If the Rays are to increase payroll once they are in the new stadium, the money will have to come from increased TV revenues, increased luxury suite revenue, increased corporate sponsorship, and most certainly from the taxpayers who will be expected to pay for most of the new stadium cost - IMHO
    Bottom line, if it comes to pass that the Rays build a new stadium in Tampa Bay, whichever county 'wins' loses.

    It is clear that building a new stadium makes no economic sense for the taxpayer or the Rays as a standalone business. It may make sense from MLB's perspective so that they can continue to have a healthy franchise in the nations' 13th largest TV market (and just 12,000 households behind 12th ranked Detroit and 11th ranked Phoenix) - see So I am all for the Rays and MLB footing 100% of the cost for a new stadium, if it ever gets built.

    We taxpayers should not have to pay for MLB's broken business model, whose two main defects are:
    1. Not enough revenue sharing from the richest to the poorest teams
    2. Players being paid much more than they contribute to the bottom line of their teams. The reason that team owners can and do overpay players is because they are spineless when negotiating with player agents like Scott Boras and can afford to be, because on the other hand, local politicians are spineless when dealing with the owners regarding public funding of stadiums.

    I like that Tampa Bay has an MLB team, and go to about 4 games per year - doubt that would change much if and when a new stadium gets built. But if you give me the one of these three choices:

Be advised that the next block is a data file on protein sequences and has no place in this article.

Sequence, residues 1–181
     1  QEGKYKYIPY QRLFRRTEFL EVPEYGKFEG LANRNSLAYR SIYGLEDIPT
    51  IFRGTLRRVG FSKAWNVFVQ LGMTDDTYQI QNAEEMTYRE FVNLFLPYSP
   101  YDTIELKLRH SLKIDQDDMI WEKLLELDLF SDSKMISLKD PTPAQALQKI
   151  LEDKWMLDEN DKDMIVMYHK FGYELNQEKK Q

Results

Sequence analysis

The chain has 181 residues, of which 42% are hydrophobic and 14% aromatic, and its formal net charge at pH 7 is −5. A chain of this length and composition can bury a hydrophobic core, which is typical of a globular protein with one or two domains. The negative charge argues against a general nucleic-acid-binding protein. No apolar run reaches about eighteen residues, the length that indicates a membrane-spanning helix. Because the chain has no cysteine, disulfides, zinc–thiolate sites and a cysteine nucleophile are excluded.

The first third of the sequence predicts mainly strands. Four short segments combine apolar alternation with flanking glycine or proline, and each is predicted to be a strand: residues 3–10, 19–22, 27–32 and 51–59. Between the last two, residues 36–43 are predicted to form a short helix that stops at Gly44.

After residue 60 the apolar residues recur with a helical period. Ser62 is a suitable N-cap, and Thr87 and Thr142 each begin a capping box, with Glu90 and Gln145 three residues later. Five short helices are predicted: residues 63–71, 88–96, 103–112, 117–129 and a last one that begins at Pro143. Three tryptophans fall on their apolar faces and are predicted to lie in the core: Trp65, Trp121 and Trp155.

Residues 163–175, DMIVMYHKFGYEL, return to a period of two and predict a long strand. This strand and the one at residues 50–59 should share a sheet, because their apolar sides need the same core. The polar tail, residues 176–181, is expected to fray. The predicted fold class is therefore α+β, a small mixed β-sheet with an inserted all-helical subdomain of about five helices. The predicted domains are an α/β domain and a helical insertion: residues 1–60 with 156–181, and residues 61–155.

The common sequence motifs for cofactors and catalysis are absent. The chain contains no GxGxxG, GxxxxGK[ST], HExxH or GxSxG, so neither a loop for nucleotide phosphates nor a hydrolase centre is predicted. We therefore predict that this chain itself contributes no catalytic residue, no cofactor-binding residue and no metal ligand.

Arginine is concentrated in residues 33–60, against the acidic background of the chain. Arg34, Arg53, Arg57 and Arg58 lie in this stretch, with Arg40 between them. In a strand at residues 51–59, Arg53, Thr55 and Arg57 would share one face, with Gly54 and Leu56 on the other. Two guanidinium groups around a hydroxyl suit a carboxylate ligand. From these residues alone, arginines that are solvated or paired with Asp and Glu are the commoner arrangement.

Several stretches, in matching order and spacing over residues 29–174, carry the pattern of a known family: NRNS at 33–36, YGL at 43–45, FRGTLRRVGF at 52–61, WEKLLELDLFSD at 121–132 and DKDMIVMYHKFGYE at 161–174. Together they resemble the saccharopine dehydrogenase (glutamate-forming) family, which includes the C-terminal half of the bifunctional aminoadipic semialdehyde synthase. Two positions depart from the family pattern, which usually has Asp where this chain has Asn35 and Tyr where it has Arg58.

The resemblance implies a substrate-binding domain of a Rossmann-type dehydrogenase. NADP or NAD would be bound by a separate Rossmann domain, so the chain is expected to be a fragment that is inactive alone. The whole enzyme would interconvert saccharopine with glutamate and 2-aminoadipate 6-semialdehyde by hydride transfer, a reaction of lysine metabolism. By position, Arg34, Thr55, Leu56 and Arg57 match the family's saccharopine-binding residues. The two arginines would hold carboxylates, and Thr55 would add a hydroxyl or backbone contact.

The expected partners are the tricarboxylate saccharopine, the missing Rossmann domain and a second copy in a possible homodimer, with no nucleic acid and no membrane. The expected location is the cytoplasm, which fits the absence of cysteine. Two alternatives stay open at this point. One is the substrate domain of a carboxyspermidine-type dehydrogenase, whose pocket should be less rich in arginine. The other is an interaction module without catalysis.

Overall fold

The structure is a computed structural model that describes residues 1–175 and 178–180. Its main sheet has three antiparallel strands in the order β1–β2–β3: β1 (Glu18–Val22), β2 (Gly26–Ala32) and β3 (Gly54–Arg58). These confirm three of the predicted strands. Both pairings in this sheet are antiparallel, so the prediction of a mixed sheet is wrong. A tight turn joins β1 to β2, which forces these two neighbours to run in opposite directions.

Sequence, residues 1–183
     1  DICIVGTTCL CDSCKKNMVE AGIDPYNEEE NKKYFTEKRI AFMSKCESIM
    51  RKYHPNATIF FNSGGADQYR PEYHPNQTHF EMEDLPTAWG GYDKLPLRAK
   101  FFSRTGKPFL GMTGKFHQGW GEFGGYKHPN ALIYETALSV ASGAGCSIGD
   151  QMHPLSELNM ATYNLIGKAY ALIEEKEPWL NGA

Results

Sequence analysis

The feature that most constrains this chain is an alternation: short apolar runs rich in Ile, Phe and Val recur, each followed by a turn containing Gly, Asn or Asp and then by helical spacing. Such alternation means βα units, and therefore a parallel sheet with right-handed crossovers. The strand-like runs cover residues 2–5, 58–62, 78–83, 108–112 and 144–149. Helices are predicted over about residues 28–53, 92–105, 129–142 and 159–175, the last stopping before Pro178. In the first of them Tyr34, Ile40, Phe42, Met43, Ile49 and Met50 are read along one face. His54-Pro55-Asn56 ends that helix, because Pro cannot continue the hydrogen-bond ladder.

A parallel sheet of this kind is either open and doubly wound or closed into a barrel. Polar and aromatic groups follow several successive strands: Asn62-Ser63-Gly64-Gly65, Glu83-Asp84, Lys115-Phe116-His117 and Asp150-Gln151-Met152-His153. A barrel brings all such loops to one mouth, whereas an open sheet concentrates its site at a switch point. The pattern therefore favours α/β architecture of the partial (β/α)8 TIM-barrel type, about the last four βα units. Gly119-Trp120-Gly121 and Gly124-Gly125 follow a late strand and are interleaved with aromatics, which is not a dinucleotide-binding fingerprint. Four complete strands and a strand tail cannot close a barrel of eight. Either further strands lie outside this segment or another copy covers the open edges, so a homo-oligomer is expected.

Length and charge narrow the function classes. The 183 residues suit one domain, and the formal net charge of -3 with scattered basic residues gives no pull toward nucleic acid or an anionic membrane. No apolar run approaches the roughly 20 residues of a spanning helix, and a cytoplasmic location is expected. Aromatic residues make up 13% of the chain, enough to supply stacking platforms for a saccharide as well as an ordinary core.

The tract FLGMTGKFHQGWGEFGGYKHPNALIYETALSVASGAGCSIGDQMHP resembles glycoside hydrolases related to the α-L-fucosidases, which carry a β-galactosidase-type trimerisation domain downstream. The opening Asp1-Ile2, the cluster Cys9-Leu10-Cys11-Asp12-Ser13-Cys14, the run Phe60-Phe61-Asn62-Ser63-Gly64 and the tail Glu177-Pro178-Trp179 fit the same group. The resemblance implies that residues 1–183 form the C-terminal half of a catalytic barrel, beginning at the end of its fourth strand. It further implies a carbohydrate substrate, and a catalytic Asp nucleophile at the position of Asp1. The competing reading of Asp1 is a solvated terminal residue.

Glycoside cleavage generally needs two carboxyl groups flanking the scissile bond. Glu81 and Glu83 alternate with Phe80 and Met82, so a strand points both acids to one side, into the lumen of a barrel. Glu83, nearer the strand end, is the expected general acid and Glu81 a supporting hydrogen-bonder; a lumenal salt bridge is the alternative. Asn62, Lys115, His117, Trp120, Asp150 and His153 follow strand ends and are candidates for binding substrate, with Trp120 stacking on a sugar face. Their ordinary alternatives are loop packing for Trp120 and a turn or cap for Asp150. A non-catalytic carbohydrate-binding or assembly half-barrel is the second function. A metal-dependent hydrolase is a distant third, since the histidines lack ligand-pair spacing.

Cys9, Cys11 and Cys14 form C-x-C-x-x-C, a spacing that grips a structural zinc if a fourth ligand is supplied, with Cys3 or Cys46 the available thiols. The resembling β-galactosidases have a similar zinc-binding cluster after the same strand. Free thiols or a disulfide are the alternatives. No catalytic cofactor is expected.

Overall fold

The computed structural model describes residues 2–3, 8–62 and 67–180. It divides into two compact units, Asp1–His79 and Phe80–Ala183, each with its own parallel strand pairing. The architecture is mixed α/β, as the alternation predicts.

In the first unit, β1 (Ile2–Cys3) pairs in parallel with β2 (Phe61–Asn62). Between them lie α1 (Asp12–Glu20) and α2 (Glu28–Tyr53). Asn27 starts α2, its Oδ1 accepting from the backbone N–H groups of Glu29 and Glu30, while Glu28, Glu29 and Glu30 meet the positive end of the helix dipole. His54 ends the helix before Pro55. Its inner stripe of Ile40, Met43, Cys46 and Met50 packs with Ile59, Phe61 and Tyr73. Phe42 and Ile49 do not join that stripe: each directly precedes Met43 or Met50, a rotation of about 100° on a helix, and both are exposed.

1. do not increase taxes
    2. increase taxes to fix or replace the broken down school buses on which my special needs son rides
    3. increase taxes to pay for a new stadium for the Rays whose only guaranteed effect will be to increase the value of the Rays by the amount that taxpayers put up
    I will take '1' first and '2' second and '3' not so much.

    The Stadium's value may well go beyond economic impact, but the MLB and/or local teams can easily afford to pay for 100% of any new stadium. Let's end 'stadium stamps' for the rich!

  4. Hahaha, "stadium stamps." Great phrase. The Rays and the Mayor will probably not release the new document ahead of time for review. They need to push it through on very short notice, same as the effort in December. Rushed municipal contracts do not pass the sniff test. This process makes one wonder what kind of i-banking the Rays management worked on. Maybe the Rays should ask S&P to throw a AAA-rating on the MOU before they try to sell it to the public. Or they could have a german shepherd excrete the MOU in a dog park.

  5. What a combination, 2 prime examples of why watching is such a waste of time.
    A failed politician who didn't have the sense not to pay for a hooker with a check that could identify him!
    And a narcissistic whiner who's leading the biz in getting fired. I've dealt with him and the phrase "never met a mirror he doesn't love" always comes up.
    Both of these guys have and are "working" in TV facilities that are at least in part taxpayer subsidized and neither of them are returning their checks back
    because "the voters" footed some of the bill.

  6. Let them look in Tampa, settle on a site, and let's play ball already. Build this stadium where it has the potential to pull more fans from all across central Florida, and let it be done. St. Pete council needs to sacrifice their pride in order to allow our team to remain in the area long-term. This is turning in to a nasty divorce where St. Pete wants to have couples therapy after years of a unsatisfying marriage and the Rays just want to finalize the divorce, move on, and live a better life. Settle on the numbers, and let's move forward. Stop stalling St. Pete council.

  7. "...Let them look in Tampa, settle on a site, and let's play ball already.,,"
    Written like a person who has no idea of what they are pontificating about.
    Sports industry addicts/customers are the most naive simpletons.